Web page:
Thomas prepares special attachment discs made out of coral sand and cement that are given at least 24 hours to set. For gluing of the coral fragments to the disc, he uses a special coral epoxy glue that comes in two parts and needs mixing together prior to use. The end of the coral to be attached is gently patted dry with a paper towel. The glue mix is applied to the coral end and also to the dry disc, and the two are brought together and allowed to set for a few minutes. After attaching, rinsing the coral fragment and disc in some marine water before placing it in the propagation tank stops it from clouding the tank. After a few weeks, coralline algae grow over the glue and it is no longer visible.
The growth rate of the fragments varies greatly from species to species. Many corals, particularly hard corals such as Acropora and Montipora species, as well as many large-polyp stony corals, grow very slowly. Naturally, the slow-growing corals fetch a better price.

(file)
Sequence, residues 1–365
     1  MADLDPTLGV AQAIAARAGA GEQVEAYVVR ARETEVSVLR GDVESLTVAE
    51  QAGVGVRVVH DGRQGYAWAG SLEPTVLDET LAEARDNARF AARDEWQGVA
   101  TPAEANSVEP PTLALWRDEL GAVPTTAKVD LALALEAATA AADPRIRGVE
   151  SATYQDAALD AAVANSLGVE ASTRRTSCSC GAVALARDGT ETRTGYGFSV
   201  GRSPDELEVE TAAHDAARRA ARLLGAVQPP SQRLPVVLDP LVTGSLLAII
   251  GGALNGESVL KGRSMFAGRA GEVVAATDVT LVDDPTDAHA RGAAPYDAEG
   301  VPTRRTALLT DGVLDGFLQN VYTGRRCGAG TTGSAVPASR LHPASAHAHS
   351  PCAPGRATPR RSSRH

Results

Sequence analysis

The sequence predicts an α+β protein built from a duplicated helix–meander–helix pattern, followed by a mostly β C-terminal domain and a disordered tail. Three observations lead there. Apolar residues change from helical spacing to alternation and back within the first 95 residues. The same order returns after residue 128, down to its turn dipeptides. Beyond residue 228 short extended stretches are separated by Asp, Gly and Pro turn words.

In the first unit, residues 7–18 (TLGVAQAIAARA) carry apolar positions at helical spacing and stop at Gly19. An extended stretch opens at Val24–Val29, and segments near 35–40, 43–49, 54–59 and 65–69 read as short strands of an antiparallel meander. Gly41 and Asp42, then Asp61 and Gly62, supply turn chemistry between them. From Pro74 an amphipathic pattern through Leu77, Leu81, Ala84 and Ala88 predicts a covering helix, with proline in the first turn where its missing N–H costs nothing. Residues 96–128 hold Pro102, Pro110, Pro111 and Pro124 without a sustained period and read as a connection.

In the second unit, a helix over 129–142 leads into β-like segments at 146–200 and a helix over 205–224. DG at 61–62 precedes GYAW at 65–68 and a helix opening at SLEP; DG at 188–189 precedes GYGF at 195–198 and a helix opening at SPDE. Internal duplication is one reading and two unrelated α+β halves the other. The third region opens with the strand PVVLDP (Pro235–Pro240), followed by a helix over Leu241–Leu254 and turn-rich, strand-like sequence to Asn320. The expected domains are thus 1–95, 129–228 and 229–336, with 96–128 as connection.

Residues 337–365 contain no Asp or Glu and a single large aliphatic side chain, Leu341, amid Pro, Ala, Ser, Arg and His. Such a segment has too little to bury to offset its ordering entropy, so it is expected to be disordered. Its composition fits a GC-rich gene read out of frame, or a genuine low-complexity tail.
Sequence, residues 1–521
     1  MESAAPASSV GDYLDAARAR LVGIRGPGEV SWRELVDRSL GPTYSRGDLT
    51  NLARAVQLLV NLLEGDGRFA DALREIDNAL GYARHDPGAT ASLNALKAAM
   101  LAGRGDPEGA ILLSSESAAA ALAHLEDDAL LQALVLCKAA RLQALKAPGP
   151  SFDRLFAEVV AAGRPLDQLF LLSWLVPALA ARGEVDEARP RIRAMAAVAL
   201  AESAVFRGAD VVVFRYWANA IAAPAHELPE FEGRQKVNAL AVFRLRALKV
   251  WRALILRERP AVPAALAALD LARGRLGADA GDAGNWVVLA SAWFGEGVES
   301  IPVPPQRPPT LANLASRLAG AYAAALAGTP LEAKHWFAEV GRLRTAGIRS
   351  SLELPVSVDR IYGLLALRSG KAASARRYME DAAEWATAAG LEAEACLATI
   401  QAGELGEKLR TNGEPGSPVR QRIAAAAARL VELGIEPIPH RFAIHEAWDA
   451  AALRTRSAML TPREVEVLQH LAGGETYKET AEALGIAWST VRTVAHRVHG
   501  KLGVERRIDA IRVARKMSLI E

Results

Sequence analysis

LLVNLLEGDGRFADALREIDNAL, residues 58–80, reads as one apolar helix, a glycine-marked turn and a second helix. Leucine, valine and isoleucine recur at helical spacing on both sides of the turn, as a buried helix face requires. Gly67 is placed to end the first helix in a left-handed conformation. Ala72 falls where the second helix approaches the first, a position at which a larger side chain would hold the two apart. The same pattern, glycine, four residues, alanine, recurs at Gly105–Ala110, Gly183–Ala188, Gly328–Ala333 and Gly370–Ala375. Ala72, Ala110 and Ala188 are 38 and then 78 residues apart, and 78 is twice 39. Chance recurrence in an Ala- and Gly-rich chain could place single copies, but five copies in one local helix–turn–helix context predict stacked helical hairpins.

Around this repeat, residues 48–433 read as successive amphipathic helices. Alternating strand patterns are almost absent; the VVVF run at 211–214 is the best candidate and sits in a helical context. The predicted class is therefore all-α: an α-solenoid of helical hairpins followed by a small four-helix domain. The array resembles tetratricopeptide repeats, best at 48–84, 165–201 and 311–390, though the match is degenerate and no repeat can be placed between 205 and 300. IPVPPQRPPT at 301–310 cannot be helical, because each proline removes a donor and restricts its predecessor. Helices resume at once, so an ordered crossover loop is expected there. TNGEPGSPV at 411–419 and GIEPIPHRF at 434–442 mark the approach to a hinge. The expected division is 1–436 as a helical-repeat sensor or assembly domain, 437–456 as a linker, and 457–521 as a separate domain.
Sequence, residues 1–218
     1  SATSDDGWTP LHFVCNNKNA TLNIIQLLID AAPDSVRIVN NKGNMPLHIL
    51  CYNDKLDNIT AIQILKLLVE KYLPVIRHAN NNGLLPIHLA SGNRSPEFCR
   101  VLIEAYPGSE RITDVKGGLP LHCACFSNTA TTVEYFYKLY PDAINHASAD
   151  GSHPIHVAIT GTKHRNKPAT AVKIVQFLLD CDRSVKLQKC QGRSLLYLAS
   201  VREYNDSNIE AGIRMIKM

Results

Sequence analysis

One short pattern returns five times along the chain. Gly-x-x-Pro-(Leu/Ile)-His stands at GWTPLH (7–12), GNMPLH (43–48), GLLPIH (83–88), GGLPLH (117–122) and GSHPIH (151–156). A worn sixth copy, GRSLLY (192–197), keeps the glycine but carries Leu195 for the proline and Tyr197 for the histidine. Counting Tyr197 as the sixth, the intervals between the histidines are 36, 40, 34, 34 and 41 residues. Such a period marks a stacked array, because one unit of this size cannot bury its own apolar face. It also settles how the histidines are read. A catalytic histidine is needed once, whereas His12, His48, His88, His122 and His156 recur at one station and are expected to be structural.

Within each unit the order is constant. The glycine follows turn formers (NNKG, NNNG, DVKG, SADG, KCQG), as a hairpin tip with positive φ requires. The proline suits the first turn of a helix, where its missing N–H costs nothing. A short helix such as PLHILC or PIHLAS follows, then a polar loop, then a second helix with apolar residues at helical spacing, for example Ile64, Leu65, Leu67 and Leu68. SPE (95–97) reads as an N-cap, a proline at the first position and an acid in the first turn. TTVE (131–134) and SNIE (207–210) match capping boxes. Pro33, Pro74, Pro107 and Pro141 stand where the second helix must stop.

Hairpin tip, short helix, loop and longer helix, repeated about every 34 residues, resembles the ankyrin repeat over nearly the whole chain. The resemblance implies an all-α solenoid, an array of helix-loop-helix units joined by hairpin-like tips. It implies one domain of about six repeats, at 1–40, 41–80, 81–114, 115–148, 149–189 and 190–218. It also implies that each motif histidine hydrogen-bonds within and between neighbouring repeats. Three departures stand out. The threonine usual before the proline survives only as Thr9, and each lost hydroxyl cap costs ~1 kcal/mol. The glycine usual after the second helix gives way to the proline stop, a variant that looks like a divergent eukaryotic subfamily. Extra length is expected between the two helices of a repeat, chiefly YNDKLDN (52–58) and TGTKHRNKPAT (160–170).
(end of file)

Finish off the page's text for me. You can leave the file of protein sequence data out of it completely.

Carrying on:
Thomas maintains a good level of calcium (410 to 430 mg/l) and magnesium (1300 to 1350 mg/l) in his water by dosing with metering pumps from a stock solution. Special trace elements are also dosed every two hours, all of which help the corals to grow at the maximum rate and have beautiful colors. Coral fragments can reach a saleable size of 5 to 10 cm (2 to 4 inches) within four to twelve weeks, depending on species. At this size they can fetch $15 to $25 depending on species, which can then be used to buy other large, rarely seen corals, such as his Catalaphyllia jardinei.
A Homemade Reef